Airline SAS collided with astonishing pilots due to US bankruptcy record

  • Airlines in Chapter 11 in the United States
  • The indictment comes after the pilots’ strike began on Monday.
  • The strike has caused an immediate loss, according to the company.
  • Attempts to accuse employees of “under contempt” – union
  • Approximately halfway off the airline flights

Stockholm, July 5 (IANS) Scandinavian Airlines (SSS) has demanded that the United States seek bankruptcy protection in order to reduce debt and put pressure on offending pilots. Shares are down 10 percent.

As the summer shift shifts to full gear, payroll talks between the SS and its pilots fell on Monday, sparking a strike that has increased travel across Europe.

Anko van der Verff, chief executive, said the strike had accelerated its decision to register in Chapter 11. However, SSS Danish pilots said that the negotiator had been in the process for months, and that he was trying to hold the strikers accountable.

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The airline, whose main owners are Swedish and Danish taxpayers, said the strike “will have a negative impact on the company’s finances and if extended it could have a material impact.”

The strike will cost between $ 10 million and $ 13 million a day, the company told the court. Sidbank analysts estimate that in the worst case scenario, in just the first four to five weeks, it could cancel up to half of the cash flow.

Sidbank analyst Jacob Pederson says:

“On the other hand, the question of Chapter 11 shows how serious the SAS situation is.”

Experts say the entry into Chapter 11 will make it easier for the company to lay off employees.

According to Martin Lindgren, chairman of the Swedish Pilots’ Association, members see the airline as a “rebuilding” of the airline.

“This will not affect the strike or our agreement,” he said.

The airline said the US bankruptcy protection record was intended to speed up the restructuring plan, which was announced in February.

“SSS aims to reach an agreement with key stakeholders, restructure the company’s debt obligations, restructure the aircraft and use significant capital injections,” he said.

Talks to creditors.

SSS Airbus A321 and A320 Neo planes land on asphalt after Scandinavian pilots strike in Castrus, Denmark on July 4, 2022.

SAS said talks with lenders about another $ 700 million in financing were “very good.”

He said the strike was halting flights and injuring 30,000 passengers a day.

According to the flight tracking website, 232 SAS flights – 77% of the planned – were canceled on Tuesday, with Oslo Gardermoen Airport, one of the SAS centers, having the highest cancellation rate in the world.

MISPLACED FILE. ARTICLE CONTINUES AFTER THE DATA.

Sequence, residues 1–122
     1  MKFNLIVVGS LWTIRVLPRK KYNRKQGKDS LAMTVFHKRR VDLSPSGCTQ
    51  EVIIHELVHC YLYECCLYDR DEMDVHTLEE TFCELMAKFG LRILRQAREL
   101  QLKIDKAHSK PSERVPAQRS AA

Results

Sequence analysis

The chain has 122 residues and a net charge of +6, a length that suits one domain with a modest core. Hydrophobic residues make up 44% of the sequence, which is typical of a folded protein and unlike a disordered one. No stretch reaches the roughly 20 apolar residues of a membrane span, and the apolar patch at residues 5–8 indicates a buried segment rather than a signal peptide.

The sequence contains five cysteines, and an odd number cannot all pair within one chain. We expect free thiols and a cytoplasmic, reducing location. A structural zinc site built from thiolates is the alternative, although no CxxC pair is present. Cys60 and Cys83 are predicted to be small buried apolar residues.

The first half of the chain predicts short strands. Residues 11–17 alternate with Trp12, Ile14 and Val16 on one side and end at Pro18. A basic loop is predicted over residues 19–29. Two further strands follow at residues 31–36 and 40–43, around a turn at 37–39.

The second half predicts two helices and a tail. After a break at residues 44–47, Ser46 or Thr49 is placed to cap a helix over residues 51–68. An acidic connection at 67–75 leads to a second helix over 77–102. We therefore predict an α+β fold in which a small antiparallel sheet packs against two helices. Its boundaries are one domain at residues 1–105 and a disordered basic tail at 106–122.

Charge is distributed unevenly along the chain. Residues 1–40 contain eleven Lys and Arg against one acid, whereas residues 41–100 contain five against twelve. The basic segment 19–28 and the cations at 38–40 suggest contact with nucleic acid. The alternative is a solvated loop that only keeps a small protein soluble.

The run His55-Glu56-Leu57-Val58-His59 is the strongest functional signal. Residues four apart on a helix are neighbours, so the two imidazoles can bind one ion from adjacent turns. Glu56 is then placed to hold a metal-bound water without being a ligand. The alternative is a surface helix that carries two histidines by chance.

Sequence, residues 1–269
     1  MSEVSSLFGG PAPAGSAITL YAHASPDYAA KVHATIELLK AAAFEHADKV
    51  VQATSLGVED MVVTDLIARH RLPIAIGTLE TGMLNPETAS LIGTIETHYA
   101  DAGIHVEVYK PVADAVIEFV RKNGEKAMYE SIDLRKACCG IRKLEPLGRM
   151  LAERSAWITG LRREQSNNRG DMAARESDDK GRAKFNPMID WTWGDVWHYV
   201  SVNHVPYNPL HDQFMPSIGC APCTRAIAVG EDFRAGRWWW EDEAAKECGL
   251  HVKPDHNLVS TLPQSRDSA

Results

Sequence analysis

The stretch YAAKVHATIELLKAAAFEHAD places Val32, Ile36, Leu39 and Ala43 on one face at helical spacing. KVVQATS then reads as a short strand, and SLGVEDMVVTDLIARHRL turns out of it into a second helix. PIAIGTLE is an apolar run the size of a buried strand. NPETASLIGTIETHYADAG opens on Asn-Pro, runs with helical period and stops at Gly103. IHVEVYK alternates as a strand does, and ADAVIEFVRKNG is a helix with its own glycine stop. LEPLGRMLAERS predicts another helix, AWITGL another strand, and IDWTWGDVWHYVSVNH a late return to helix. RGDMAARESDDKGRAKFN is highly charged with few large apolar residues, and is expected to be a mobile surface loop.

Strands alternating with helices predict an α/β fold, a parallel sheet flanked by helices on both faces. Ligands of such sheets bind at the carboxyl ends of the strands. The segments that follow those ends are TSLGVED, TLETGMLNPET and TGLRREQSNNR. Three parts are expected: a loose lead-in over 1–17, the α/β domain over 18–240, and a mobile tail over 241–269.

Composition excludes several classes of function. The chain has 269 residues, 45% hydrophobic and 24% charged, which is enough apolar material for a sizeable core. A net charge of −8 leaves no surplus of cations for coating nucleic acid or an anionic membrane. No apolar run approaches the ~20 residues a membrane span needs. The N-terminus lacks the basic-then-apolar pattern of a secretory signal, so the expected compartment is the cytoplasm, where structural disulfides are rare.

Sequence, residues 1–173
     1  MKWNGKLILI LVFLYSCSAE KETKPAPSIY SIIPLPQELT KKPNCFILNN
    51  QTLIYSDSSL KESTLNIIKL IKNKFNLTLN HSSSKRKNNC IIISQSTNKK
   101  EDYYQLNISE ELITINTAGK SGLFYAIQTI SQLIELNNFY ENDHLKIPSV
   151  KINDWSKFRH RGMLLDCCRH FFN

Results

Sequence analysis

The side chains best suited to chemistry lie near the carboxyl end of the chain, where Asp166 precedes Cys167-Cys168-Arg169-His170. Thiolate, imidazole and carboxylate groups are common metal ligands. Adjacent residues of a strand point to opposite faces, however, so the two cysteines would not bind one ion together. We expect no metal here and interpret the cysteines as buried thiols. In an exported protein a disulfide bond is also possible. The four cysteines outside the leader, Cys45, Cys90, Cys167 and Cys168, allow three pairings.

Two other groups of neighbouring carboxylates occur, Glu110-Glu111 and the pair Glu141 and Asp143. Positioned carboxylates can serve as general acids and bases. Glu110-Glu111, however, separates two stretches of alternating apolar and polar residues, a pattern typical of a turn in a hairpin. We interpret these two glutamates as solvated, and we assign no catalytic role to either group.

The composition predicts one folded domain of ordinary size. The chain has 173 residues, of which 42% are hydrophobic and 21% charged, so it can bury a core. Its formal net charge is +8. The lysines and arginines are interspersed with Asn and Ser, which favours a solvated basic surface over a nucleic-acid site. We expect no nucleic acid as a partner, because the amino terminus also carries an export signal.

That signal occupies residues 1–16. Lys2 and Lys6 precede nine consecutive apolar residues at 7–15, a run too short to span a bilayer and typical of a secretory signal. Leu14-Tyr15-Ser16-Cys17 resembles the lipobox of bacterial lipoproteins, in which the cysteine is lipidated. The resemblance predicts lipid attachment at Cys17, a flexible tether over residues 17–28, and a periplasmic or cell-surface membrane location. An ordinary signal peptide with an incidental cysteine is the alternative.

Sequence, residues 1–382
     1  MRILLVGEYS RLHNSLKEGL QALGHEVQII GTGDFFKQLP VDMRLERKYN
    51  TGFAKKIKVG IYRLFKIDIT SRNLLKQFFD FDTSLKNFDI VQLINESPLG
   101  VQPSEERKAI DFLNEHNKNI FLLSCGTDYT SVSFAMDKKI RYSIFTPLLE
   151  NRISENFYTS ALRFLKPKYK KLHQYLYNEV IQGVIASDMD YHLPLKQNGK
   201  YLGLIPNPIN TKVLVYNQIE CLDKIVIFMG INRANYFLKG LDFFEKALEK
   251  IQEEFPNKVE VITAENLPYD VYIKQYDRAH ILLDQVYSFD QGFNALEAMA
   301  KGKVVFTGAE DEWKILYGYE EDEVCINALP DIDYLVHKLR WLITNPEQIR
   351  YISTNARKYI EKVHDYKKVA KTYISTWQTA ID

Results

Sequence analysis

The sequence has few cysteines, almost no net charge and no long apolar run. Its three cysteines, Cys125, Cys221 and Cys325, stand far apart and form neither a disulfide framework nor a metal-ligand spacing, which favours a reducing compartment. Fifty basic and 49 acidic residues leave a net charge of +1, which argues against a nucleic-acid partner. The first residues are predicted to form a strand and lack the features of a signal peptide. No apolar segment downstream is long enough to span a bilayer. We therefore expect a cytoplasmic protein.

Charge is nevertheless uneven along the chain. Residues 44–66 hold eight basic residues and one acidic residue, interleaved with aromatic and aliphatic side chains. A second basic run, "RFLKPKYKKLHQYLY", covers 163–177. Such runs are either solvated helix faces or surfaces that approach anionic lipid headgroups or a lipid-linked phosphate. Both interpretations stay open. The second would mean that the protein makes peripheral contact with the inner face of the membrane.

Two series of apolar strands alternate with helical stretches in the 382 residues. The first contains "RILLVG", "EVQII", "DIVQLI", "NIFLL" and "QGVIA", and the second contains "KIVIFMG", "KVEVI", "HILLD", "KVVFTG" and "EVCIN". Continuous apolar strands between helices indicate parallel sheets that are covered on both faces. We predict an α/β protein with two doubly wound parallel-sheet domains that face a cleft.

SAS added that it expects to complete the Chapter 11 process in nine to 12 months. SAS shares may be traded as normal during the bankruptcy process.

Wallaceberg Investments, the third largest shareholder in SSS with a 3.4% stake, said it would support the decision and allow talks to continue to make the airline more competitive.

“For decades, SAS has a very high cost and very low productivity compared to its competitors,” he said.

SSS says it needs to attract new investors and reduce costs at the company, including rented aircraft in the closed Russian airspace and in Asia. Read more

The chief financial officer, Erno Hilden, told the airline that he had not been able to renegotiate the lease and that most of it was too high.

SAS had three best bonds, with a total face value of 5.4 billion Swedish crowns ($ 519 million). They are now trading up to one-third of the face value.

The airline recently estimated that 7.8 billion Swedish crowns would be enough to meet business obligations.

The Swedish government has said it should not invest more in the transport, while Copenhagen says it will do so if SAS can attract new investors.

Nordnet analyst Per Hansen said the US application SAS needed a fresh start and that the strike would continue. “The management and the board want to make it very clear to all stakeholders that the situation is very serious.”

($ 1 = 10,3216 Swedish crowns)

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Additional writing by Johan Ahlander in Stockholm, Isi Lehto in Helsinki, Victoria Clesty in Oslo, Agata Ribska in Gadansk, Jamie in Sydney and Karin Stroecker in London, by Niklas Pollard; Edited by Matt Scuffham, Jan Harvey and Emelia Sithole-Matarise

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